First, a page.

A Day in the life of a Heavy Haulage Operation by Chay Gibbs

By Guest Blogger Chay Gibbs

A Day in the life of a Heavy Haulage Operation by Chay Gibbs

This month, one of our clients gives his insight into his role as the Transport Manager of a company specialising in abnormal loads:

1.       What is your name and position at the company?

 Chay Gibbs from Vaughan Plant Haulage Ltd


2.       What does your job involve?

My job involves the day to management of compliance of our 18 vehicles. This includes management of Drivers as well as ensuring our on-site maintenance team and workshop have everything they need to keep our fleet roadworthy. A big proportion of each day is also dedicated to submitting/ routing movement orders for each Abnormal Load we are asked to move. Currently we are averaging 20 of these each day so it does require a lot of time and attention to ensure we are not only getting routes approved, but routes that are actually achievable for our drivers.


3.       Do you think the Heavy Haulage Industry has changed in the last 5 years? If so – how?

In short yes. In recent years, the industry has had to battle with driver shortages, rising equipment lead times and ever rising costs. This has seen numerous hauliers in this sector pack up all together. In the last 12 months there has been a huge push on the enforcement of Abnormal Loads which I believe is adding even more pressure to hauliers in the heavy haulage industry. Not to mention absolutely crippling businesses with police embargo times meaning vehicles are stood up more than actually working.


4.       What steps have you taken to stay ahead of the increased monitoring by the relevant agencies?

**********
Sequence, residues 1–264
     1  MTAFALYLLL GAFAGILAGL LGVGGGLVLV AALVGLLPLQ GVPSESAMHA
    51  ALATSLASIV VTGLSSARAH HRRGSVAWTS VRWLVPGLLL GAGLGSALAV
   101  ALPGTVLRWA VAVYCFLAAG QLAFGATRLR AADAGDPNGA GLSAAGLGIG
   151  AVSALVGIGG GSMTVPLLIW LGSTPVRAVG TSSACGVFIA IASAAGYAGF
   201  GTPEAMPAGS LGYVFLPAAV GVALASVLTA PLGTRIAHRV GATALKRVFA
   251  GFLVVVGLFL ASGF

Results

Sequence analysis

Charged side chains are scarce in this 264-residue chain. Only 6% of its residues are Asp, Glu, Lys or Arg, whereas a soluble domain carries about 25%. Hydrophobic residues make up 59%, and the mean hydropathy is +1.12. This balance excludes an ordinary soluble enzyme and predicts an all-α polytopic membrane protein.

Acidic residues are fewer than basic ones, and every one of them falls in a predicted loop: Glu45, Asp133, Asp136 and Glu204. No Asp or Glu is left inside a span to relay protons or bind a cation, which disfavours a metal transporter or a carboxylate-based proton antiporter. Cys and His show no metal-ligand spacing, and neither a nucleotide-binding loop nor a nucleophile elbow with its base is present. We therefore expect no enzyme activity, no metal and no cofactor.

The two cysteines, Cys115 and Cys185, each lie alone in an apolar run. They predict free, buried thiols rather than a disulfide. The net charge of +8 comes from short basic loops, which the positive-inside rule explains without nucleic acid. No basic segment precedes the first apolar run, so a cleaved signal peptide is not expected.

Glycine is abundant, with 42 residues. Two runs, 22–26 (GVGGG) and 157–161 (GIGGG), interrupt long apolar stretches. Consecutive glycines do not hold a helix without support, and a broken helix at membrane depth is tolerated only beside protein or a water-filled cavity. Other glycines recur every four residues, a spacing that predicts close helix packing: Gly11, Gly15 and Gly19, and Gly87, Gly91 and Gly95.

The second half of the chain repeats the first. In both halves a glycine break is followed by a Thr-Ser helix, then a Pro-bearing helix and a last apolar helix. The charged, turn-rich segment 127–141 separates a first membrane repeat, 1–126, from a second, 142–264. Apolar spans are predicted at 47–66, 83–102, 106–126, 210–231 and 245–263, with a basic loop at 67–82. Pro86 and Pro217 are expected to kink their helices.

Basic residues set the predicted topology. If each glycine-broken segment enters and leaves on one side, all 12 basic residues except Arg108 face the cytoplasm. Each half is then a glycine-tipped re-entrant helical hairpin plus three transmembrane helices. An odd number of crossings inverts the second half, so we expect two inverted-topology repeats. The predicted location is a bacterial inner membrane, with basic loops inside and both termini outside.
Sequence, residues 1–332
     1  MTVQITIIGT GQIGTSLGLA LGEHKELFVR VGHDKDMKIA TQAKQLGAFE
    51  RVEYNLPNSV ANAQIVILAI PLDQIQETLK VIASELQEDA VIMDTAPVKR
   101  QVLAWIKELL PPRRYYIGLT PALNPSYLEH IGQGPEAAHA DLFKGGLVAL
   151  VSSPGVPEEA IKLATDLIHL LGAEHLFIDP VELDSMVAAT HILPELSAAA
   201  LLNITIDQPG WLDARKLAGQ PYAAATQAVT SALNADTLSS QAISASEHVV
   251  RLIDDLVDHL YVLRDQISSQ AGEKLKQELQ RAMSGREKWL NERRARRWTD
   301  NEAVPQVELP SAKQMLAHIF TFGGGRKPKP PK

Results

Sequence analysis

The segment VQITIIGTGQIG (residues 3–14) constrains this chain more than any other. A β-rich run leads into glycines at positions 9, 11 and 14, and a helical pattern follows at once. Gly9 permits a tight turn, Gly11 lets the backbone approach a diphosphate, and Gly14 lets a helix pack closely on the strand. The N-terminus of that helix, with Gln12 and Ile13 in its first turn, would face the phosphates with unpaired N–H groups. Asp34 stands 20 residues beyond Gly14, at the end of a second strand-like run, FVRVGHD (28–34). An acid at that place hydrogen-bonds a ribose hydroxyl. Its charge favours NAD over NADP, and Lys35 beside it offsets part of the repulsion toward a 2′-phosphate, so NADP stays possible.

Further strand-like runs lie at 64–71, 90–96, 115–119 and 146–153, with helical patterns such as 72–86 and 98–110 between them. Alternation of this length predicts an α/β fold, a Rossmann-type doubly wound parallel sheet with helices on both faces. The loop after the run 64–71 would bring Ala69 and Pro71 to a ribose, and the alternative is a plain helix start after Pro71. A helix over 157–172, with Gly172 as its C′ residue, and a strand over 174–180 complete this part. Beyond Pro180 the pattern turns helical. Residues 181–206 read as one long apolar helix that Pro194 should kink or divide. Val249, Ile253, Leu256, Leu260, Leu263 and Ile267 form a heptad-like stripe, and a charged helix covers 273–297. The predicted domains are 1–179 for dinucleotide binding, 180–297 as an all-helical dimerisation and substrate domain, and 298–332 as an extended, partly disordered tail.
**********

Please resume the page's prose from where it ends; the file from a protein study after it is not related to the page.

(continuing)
We have implemented checks for both office staff and drivers to ensure that no abnormal loads are transported until everyone is completely satisfied that the loads are safe, correctly secured, marked, and approved to move by all relevant authorities. We have invested well over a £1,000,000 in the last 18 months on trailers to ensure we always have the right trailer for the job. Both for moves in and out of C&U Regs.


5.       Any advice you can give to other operators?

 I personally find that in the last 12 months there has been huge pressure from customers to move plant and machinery without movement orders as customers usually do not want to wait either 2 or 5 clear working days for permits to be approved.

As I write this now, I can see 6 lorries parked up in the yard with no work. I am 100% confident that if I was prepared to move machinery at short notice, without permits, I would be looking at 1 perhaps 2 lorries in the yard.

So, my advice to other operators is to be firm with customers. If you are stopped without a valid permit it is highly unlikely that anyone other than yourself is going to be stood with you when the TC is looking to throw the book at someone and I can assure you that your customer will have already been onto another haulier to do what you now cant. The industry as a whole needs to stand firm and collectively push back on customers who are not prepared to wait. Eventually all of the non-compliant operators who will move without permits will be caught and then machine owners will have no choice but to use compliant operators.

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